COMMENTS: Obama Brings Baghdad Back into Focus

The globetrotting trip by Democratic Presidential candidate Barack Obama may turn out to be nothing more than an attention-getting publicity stunt--but it has already produced a concrete ancillary benefit. For the first time since the start of April, the Iraq War was treated by the networks as Story of the Day. Back in April, Gen David Petraeus testified that there were "real" security improvements in Iraq, "yet fragile and reversible." Now conditions on the ground are back in the headlines as Petraeus prepares to brief Obama in Baghdad. NBC, with substitute anchor Ann Curry, led with the troops out debate. CBS led with a preview of Obama's tour. ABC chose to kick off with an economic story for the fifth straight day this week, this time the deteriorating finances of the airline industry.

The breaking news of the day from Iraq was an agreement between President George Bush and Prime Minister Nouri al-Maliki that there should be a schedule--they used the phrase "time horizon" instead of timetable--for the United States to withdraw combat forces from Iraq. Richard Engel covered the agreement for NBC from Afghanistan while ABC's Martha Raddatz (no link) handled the story from the White House. Engel explained that al-Maliki can now assure his people that there "will not be permanent US bases and there will not be a permanent combat mission in Iraq." As for Bush, Raddatz saw him making a "real compromise" in that he refused to accept "arbitrary" dates for a troop withdrawal "but there are dates mentioned" for Iraqi security forces to take control. CBS mentioned the agreement only in passing.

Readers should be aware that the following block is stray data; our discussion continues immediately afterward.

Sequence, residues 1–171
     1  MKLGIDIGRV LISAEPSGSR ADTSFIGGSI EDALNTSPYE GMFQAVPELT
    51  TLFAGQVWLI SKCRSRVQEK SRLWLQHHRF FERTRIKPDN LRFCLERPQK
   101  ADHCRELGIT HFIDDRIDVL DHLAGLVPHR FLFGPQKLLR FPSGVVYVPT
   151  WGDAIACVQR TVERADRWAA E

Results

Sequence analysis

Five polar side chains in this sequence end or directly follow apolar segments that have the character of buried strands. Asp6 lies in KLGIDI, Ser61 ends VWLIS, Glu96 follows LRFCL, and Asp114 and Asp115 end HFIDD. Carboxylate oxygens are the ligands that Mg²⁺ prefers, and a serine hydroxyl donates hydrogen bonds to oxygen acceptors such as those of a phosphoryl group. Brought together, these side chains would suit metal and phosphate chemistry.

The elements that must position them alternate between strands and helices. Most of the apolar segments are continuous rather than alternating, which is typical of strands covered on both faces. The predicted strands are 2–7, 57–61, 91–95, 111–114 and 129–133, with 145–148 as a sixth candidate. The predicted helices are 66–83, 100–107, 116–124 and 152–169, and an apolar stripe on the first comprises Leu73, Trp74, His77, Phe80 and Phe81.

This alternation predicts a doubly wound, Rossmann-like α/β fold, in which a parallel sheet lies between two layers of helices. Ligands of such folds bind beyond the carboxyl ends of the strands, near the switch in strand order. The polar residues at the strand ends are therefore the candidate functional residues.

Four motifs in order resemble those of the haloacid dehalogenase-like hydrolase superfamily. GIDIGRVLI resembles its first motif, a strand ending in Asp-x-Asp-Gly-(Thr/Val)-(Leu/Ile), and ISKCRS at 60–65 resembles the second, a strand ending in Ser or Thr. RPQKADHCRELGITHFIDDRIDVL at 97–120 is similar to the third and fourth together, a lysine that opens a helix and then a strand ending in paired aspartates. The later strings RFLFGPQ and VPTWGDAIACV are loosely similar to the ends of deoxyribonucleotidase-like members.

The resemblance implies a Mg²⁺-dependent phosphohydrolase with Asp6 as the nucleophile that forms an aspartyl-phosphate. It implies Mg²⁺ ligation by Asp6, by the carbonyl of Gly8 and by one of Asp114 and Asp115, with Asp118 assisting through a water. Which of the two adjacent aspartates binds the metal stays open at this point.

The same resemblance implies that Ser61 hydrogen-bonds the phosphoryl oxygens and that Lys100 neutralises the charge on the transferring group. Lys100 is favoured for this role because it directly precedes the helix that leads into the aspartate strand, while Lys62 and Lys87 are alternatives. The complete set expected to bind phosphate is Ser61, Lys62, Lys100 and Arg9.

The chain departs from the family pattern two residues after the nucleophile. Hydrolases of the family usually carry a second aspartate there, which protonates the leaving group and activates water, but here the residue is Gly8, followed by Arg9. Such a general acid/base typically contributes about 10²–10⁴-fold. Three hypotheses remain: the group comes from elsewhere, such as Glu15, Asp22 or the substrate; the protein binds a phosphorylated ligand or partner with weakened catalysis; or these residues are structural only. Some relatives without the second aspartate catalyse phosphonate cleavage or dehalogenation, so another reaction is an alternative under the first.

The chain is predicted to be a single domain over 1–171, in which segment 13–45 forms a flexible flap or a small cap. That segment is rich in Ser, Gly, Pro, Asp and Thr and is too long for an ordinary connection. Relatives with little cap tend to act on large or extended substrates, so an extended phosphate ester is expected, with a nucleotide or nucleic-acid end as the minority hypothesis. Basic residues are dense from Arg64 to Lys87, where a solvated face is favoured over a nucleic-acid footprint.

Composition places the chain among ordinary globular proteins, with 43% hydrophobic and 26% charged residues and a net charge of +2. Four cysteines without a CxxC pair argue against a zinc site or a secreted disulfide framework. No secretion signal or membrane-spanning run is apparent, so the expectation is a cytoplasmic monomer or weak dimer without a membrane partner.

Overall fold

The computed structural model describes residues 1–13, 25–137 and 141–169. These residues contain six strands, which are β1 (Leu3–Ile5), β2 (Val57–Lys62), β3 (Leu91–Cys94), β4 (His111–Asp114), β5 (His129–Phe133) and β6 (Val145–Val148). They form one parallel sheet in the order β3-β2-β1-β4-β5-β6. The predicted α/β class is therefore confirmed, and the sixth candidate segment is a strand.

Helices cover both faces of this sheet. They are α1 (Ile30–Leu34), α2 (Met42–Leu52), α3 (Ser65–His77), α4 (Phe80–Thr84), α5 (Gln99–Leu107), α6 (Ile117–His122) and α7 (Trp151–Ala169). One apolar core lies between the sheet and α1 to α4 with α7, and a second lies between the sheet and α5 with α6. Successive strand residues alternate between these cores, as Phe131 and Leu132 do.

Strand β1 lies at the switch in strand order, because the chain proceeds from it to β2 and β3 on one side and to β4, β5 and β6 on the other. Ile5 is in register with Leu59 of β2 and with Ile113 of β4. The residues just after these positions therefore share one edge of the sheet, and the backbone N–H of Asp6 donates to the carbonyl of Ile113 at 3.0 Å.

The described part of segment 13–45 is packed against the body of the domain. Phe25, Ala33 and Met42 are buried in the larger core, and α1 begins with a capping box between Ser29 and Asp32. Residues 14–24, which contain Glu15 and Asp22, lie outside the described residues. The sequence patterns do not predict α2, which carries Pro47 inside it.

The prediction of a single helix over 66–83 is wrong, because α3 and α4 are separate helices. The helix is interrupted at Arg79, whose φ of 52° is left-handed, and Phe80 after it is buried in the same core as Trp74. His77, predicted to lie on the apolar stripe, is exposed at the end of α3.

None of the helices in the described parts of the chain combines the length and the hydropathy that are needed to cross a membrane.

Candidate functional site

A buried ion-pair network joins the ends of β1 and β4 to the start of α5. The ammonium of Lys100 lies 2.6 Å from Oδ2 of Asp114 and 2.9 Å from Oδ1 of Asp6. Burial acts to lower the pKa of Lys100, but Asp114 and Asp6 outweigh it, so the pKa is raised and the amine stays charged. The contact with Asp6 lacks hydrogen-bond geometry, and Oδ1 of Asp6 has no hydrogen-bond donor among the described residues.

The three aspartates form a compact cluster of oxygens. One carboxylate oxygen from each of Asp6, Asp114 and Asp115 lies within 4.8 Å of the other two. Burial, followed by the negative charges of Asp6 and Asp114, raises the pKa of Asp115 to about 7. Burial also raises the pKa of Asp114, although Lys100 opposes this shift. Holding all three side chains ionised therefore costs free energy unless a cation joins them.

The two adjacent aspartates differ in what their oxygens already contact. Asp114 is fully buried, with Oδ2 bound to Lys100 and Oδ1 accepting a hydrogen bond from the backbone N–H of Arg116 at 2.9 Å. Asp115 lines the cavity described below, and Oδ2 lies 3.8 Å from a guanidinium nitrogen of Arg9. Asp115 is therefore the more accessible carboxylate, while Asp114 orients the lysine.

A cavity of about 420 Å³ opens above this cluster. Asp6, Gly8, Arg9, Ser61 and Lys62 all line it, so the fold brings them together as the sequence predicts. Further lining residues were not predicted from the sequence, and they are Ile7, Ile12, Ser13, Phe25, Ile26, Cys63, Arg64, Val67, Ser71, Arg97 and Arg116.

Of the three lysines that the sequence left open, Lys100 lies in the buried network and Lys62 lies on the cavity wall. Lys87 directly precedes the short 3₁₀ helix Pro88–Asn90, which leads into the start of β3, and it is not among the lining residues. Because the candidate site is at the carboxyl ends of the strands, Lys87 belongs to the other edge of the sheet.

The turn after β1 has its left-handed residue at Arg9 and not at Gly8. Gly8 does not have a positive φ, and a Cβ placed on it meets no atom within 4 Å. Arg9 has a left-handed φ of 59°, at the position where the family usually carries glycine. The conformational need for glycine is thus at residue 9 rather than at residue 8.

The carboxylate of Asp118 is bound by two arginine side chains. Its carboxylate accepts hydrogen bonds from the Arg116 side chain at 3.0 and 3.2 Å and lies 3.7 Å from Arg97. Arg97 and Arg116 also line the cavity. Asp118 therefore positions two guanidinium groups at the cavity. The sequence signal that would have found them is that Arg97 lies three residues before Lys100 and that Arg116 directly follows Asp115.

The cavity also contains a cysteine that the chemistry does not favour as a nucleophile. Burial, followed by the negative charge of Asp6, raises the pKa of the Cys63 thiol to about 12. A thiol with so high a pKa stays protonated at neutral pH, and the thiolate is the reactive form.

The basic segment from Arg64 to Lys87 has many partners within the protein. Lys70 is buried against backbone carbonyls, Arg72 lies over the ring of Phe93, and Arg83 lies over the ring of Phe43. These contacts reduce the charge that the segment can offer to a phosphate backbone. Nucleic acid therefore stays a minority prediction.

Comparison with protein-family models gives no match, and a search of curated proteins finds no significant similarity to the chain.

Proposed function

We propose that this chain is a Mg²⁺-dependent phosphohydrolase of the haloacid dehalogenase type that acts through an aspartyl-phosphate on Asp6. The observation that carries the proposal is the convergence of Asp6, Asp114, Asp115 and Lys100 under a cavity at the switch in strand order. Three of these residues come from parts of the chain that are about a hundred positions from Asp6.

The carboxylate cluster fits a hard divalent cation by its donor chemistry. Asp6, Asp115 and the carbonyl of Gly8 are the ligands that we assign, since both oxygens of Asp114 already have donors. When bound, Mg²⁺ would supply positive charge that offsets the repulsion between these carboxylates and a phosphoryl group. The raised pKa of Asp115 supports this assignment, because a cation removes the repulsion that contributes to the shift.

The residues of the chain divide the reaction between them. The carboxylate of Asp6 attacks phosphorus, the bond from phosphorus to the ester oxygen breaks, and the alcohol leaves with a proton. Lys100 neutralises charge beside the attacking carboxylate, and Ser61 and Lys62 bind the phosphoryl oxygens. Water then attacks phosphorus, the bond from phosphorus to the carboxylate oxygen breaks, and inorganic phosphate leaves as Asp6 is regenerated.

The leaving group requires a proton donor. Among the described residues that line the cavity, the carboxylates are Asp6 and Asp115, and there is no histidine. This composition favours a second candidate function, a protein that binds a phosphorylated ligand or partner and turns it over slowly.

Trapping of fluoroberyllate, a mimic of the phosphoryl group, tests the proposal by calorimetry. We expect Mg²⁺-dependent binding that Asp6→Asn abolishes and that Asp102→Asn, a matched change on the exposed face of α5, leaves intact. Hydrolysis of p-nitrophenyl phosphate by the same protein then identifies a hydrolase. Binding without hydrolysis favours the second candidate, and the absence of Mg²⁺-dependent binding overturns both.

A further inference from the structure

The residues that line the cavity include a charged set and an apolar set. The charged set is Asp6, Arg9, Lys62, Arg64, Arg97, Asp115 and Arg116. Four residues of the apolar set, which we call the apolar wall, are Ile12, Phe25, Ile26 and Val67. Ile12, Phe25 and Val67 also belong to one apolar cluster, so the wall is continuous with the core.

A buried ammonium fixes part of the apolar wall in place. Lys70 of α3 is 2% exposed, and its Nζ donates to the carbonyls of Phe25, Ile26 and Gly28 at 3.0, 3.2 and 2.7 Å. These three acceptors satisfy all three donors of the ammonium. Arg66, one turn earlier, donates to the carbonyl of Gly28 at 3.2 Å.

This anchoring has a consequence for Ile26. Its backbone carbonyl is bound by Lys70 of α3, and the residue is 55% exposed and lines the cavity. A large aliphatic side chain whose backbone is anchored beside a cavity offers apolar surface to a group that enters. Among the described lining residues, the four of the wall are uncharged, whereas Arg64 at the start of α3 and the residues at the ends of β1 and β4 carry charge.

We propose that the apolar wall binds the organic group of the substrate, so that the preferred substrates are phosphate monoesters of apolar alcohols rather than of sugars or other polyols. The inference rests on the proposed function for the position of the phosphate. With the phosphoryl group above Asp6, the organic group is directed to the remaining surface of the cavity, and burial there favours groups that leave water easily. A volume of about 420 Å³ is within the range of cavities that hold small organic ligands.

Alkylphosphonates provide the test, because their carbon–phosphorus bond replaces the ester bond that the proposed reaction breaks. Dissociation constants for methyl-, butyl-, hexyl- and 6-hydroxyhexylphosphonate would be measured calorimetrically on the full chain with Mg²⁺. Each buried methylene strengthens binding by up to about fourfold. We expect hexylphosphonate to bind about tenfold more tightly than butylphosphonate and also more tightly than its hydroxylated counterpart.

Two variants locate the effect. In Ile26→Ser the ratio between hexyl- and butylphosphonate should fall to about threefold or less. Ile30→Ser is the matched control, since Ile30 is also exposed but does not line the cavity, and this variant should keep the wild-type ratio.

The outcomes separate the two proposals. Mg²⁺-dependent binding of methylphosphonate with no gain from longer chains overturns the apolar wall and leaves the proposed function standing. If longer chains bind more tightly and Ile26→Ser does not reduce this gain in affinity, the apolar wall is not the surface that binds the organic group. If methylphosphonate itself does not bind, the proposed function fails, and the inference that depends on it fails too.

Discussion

NBC's Andrea Mitchell was in Baghdad in anticipation of candidate Obama's arrival. She asked Petraeus whether a 16-month troop withdrawal timetable was "reasonable." The general's answer: "It depends." Mitchell found life safer in some Baghdad neighborhoods "even though not in many parts of the country." She predicted that Obama will receive more support from Iraq's political leaders for his troops-out plan than from the Bush Administration. ABC's advance guard for Obama was in Afghanistan, where the candidate advocates a troop reinforcement. Jim Sciutto (embargoed link) found that the Afghan War is in reality two wars: an eastern front along the Pakistani border against a coalition of Pakistani militants, Taliban guerrillas and al-Qaeda fighters; and a southern front against the Taliban proper.


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